Nano- and Redoxbiology in Cancer (Group Brenneisen)

Prof. Dr. rer. nat. Peter Brenneisen

Universitätsstr. 1
22.04.00
40225 Düsseldorf

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Reactive oxygen species in health and disease

Our group aims to throw a light on the effect of mitochondria- or other endogenous/ exogenous derived reactive oxygen species (ROS, prooxidants) in physiological and pathophysiological processes of the cell, especially skin cells. An imbalance between prooxidants versus antioxidants towards higher concentrations of ROS, called oxidative stress, has been implicated in molecular mechanisms which result in cellular aging and in several pathological states, such as neurodegenerative diseases and carcinogenesis. Large efforts from a variety of research groups including ours are made both to clarify and to better understand the ROS dependent signal cascades and to identify signaling components which are redox-modulated. Aging and carcinogenesis share common features, however, they reveal unique molecular characteristics which finally determine the fate of the cell. For example, as invasion and metastatic spread of tumor cells continue to be the greatest barrier to cure cancer, the understanding of the ROS dependent cellular interaction between tumor cells and its surrounding stroma could assist in the development of novel therapeutic strategies to combat metastatic spread more efficiently in the future.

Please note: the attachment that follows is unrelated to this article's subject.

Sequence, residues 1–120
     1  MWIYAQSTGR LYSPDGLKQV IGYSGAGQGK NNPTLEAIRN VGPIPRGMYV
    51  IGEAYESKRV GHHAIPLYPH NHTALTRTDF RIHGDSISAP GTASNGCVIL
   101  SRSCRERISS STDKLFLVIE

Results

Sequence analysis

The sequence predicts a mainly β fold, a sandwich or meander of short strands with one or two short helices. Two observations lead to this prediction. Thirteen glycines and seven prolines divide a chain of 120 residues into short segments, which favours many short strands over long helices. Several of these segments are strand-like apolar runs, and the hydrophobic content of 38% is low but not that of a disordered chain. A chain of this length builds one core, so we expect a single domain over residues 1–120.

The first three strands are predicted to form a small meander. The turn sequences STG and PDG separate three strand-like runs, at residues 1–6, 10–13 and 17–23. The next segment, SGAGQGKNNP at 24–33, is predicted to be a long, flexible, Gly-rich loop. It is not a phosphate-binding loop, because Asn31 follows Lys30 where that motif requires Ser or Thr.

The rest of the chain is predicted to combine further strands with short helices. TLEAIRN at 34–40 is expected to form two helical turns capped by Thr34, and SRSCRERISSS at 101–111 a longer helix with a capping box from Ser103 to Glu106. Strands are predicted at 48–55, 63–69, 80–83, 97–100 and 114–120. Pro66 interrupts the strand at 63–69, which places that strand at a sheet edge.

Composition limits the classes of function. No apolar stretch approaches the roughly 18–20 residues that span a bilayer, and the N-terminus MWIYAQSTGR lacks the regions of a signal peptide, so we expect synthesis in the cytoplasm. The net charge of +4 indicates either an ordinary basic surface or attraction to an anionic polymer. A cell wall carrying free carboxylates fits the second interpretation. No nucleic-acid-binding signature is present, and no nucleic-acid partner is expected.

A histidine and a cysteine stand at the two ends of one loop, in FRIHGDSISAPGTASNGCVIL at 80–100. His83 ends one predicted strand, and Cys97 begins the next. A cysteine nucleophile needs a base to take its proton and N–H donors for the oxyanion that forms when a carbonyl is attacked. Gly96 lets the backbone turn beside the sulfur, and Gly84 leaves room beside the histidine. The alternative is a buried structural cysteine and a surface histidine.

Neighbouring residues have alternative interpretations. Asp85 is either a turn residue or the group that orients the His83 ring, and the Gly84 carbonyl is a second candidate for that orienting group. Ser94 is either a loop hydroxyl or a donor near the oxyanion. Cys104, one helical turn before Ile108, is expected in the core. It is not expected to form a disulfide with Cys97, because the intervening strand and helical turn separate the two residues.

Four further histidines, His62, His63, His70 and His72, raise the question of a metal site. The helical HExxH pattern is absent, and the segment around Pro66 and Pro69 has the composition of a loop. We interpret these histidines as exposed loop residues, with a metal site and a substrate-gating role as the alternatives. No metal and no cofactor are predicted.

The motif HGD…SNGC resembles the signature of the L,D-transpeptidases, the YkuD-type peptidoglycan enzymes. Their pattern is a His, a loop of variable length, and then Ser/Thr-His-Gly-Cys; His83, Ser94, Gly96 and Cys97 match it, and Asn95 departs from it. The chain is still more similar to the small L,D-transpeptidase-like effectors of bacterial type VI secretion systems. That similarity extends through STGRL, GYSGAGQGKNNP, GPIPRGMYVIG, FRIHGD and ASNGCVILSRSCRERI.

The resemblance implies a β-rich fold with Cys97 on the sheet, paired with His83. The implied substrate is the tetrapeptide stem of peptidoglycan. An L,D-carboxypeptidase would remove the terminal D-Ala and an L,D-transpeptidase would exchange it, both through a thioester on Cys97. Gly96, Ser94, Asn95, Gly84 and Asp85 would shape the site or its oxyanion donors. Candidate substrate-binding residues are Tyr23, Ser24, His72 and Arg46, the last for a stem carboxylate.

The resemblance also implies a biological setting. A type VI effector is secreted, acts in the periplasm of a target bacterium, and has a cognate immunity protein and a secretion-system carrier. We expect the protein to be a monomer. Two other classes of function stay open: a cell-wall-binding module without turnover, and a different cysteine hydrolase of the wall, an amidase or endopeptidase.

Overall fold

In that context, antioxidants and/or polymer-coated nanoparticles (<100 nm) (Fig. 1) seem to be a promising tool in prevention of tumor invasion and of (photo)aging processes. The potential role of cerium oxide nanoparticles (nanoceria, CNP) and others in modulation of the physiological and pathophysiological redox signaling will be studied in our research group (Fig. 2) by cell biological, biochemical and molecular biological techniques, using (3 dimensional) in-vitro and in-vivo models.

 

Fig. 1 : Cellular uptake of cerium oxide nanoparticles (CNP)
Squamous tumor cells of the skin were treated with 150 µM CNP or fluorescein isothiocyanate (FITC)-labeled CNP for 24 h. Data of studies with trans electron microscopy (left) indicate uptake of CNP (see arrows). Studies with FITC-CNP (green fluorescence) show distribution of CNP in the cytosol, while there appears no green fluorescence (or merged cyan fluorescence) of the nuclei (blue, DAPI-staining).

Fig. 2: Bifunctional role of cerium oxide nanoparticles (CNP) in tumor-stroma interaction
CNP prevent (-) tumor cell-derived growth factor (GF) dependent modulation of normal (stromal) cells (e.g. transdifferentation, neoangiogenesis) and mediate their protection from doxorubicin (DOX)-initiated apoptotic cell death. Furthermore, CNP lower tumor invasion and tumor growth in vivo. In contrast, CNP induce (+) the reactive oxygen species (ROS)-mediated cell death and enhances the apoptotic rate in a combinational approach with DOX (see literature).

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